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14 April 2021 (closed)
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Indonesian President Joko Widodo and Japanese Prime Minister Shinzo Abe will witness the signing of a joint study (a cooperation between Indonesia's Transportation Ministry and the Japan International Cooperation Agency, or JICA) into the medium speed railway - connecting Jakarta to Surabaya - on 15 January 2017 at the Presidential Palace in Bogor. Besides the medium speed railway, Widodo and Abe will also discuss funding for a deep-sea port project in Patimban (West Java) as well as contracts for the Masela oil & gas block in eastern Indonesia.
Luhut Panjaitan, Indonesian Minister for Maritime Affairs, said a number of big infrastructure projects in Indonesia will be financed by the government of Japan through public-private partnerships (PPPs). Last month Japan and Indonesia agreed to cooperate in three projects.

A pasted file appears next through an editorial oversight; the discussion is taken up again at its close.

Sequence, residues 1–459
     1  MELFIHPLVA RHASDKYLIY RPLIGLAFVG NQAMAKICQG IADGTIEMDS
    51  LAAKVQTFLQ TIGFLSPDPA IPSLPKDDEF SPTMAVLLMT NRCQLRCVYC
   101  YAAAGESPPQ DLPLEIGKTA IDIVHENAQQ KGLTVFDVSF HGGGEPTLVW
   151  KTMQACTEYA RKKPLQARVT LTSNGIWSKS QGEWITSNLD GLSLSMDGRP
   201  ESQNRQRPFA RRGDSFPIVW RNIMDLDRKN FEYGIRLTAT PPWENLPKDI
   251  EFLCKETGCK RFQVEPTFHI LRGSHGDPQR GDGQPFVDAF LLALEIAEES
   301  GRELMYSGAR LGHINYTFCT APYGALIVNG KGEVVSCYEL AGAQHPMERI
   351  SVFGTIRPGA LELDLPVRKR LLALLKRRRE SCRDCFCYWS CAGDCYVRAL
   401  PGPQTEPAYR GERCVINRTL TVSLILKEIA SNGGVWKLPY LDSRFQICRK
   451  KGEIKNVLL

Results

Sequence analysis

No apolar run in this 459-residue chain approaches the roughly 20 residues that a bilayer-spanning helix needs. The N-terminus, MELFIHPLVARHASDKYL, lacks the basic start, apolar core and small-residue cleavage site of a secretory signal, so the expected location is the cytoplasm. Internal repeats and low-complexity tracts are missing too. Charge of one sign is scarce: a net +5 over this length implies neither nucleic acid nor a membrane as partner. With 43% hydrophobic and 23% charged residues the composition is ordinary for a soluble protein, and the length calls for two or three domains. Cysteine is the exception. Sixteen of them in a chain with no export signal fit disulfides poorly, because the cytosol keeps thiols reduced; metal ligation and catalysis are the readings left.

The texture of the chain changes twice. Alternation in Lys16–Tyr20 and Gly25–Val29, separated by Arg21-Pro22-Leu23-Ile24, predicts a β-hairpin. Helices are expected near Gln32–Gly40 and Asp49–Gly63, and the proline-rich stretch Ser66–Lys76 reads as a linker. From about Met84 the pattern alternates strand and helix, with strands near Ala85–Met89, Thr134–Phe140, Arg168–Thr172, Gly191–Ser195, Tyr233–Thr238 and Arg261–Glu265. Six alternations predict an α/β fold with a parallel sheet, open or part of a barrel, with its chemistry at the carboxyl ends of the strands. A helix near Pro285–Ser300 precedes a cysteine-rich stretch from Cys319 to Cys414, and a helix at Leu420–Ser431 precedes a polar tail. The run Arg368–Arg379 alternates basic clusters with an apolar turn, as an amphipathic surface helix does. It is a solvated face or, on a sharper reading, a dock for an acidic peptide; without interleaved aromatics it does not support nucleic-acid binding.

One of these projects is the USD $7.8 billion medium-speed railway between Jakarta (West Java) and Surabaya (East Java), a 727-kilometer journey. These cities are the two biggest cities in Indonesia, and are known as the nation's industrial centers. Currently, it takes about ten hours to travel from Jakarta to Surabaya (and vice versa) by train. However, travel time between both cities can be shortened to about five hours by the new rail-link. Due to the high costs the Indonesian government may decide to split the project in two parts: (1) Jakarta - Semarang, and (2) Semarang - Surabaya. If all preparations and discussions go smoothly, then construction could start at the end of 2017.
Secondly, Japan is eager to be involved in the USD $3 billion Patimban deep seaport project. This seaport, located some 100 kilometers from Indonesia's capital city of Jakarta, is envisaged to become an international seaport with a 7.5 million twenty-foot equivalent units (TEU) capacity, hence somewhat relieving busy traffic at Jakarta's Tanjung Priok port (Indonesia's busiest port and that handles around 65 percent of the nation's international trade).
The third project, the Masela oil & gas block in Maluku, involves the negotiations of Japanese gas firm Inpex Corporation's contract.